We left the prince my brother here, my liege, Who undertook to sit and watch by you.
When we withdrew, my liege, we left it here.
Thus, my most royal liege, Accusing it, I put it on my head, To try with it, as with an enemy That had before my face murder’d my father, The quarrel of a true inheritor.
O, pardon me, my liege! but for my tears, The moist impediments unto my speech, I had forestall’d this dear and deep rebuke Ere you with grief had spoke and I had heard The course of it so far.
My gracious liege, You won it, wore it, kept it, gave it me; Then plain and right must my possession be: Which I with more than with a common pain ’Gainst all the world will rightfully maintain.
Coming to look on you, thinking you dead, And dead almost, my liege, to think you were, I spake unto this crown as having sense, And thus upbraided it: "The care on thee depending Hath fed upon the body of my father; Therefore, thou best of gold art worst of gold: Other, less fine in carat, is more precious, Preserving life in medicine potable; But thou, most fine, most honour’d, most renown’d, Hast eat thy bearer up."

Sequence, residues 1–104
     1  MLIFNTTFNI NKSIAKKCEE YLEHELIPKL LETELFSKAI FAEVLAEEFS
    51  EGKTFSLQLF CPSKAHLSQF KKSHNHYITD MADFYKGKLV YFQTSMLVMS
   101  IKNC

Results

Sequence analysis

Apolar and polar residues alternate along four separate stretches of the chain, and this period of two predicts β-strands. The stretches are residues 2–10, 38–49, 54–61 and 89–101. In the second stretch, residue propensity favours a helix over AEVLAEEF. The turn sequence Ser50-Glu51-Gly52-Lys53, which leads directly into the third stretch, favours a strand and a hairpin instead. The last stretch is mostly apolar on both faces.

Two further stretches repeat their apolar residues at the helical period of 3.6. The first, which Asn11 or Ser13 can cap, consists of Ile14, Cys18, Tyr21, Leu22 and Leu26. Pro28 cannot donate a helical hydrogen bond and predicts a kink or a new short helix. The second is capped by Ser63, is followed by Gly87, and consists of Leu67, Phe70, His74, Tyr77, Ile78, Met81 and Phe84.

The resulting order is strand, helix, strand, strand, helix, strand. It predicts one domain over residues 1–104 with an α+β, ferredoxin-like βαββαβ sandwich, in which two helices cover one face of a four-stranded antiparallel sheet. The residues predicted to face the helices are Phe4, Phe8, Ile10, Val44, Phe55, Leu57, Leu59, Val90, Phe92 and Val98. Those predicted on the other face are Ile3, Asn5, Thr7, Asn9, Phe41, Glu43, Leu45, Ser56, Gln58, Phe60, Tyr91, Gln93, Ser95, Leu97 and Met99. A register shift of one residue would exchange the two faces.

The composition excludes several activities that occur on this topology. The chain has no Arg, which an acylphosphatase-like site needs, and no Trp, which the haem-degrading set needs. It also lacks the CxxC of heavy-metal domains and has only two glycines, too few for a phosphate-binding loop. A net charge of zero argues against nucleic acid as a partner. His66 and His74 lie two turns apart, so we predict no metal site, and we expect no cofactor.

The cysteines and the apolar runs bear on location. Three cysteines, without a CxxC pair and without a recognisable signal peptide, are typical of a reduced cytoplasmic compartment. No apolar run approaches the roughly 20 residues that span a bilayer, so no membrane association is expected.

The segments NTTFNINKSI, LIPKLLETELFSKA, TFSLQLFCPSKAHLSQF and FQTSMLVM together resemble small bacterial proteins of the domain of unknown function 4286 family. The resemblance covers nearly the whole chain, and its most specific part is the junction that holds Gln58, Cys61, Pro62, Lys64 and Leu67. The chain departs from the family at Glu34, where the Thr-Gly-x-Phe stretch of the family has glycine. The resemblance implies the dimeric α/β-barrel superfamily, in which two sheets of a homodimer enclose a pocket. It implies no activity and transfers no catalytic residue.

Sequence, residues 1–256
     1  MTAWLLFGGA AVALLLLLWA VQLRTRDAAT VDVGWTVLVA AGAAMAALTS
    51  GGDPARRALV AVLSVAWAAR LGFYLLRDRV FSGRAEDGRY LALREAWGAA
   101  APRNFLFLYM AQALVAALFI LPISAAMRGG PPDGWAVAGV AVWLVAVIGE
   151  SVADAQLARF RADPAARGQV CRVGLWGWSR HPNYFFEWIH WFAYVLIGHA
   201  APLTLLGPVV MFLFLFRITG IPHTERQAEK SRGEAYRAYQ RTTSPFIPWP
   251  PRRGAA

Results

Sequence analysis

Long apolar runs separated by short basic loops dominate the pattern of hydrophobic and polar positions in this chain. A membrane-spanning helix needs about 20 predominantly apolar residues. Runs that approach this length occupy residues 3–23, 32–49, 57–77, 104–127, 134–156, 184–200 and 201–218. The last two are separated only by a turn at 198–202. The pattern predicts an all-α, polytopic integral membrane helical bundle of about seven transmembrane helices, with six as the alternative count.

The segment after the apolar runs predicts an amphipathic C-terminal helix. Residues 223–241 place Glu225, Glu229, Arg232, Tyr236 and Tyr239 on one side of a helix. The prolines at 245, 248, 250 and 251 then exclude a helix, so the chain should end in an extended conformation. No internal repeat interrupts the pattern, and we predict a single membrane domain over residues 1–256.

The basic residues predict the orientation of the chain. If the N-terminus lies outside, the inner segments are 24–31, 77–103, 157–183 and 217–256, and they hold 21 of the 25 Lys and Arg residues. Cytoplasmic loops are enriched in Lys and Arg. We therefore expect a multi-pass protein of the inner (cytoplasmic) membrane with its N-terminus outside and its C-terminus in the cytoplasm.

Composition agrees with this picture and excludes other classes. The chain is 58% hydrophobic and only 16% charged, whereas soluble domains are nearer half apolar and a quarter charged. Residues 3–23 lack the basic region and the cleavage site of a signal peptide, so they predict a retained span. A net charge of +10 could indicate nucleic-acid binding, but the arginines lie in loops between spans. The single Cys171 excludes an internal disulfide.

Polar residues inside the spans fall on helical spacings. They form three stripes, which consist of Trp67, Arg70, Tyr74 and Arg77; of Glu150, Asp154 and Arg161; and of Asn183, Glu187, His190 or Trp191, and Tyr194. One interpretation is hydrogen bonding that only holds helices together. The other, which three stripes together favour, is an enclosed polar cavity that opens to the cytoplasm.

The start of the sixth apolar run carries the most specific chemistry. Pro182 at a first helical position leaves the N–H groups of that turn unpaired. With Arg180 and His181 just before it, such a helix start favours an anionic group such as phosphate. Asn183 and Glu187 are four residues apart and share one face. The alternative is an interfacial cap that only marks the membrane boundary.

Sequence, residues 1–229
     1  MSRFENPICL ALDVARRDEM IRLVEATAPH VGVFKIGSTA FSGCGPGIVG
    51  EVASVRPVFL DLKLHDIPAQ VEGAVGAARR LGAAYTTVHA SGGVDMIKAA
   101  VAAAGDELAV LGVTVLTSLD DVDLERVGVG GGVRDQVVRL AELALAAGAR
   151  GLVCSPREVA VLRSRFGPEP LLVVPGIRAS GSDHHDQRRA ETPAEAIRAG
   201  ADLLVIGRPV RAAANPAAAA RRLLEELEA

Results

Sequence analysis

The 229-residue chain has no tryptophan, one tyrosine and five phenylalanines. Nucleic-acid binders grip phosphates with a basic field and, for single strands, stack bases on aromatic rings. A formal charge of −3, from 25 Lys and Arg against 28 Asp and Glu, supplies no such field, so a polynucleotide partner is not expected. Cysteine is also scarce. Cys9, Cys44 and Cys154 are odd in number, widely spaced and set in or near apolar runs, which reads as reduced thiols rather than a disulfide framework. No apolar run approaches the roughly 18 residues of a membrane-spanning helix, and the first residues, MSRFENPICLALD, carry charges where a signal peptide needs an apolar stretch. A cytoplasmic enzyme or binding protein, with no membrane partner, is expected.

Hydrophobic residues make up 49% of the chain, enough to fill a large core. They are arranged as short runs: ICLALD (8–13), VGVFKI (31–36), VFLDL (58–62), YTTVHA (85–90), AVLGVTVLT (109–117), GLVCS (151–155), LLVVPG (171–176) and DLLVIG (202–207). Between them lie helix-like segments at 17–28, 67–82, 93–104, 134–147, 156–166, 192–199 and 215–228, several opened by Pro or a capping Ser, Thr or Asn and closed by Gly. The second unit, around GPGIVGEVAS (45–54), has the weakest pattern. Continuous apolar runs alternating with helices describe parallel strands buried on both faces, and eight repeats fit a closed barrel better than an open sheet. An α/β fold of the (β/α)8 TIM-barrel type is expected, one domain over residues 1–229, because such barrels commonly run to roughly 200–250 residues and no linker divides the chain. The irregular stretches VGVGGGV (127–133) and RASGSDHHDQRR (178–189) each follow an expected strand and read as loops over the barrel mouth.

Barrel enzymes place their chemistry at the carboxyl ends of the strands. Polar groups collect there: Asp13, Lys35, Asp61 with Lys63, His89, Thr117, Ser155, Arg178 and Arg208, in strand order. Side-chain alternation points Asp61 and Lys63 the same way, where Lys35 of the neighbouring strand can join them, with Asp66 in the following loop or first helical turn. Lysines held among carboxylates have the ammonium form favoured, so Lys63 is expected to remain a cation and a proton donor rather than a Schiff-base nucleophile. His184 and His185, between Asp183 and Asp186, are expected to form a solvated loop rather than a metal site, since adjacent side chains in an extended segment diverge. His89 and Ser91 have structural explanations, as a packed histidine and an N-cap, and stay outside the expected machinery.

Question your royal thoughts, make the case yours; Be now the father and propose a son, Hear your own dignity so much profaned, See your most dreadful laws so loosely slighted, Behold yourself so by a son disdain’d; And then imagine me taking your part And in your power soft silencing your son: After this cold considerance, sentence me; And, as you are a king, speak in your state What I have done that misbecame my place, My person, or my liege’s sovereignty.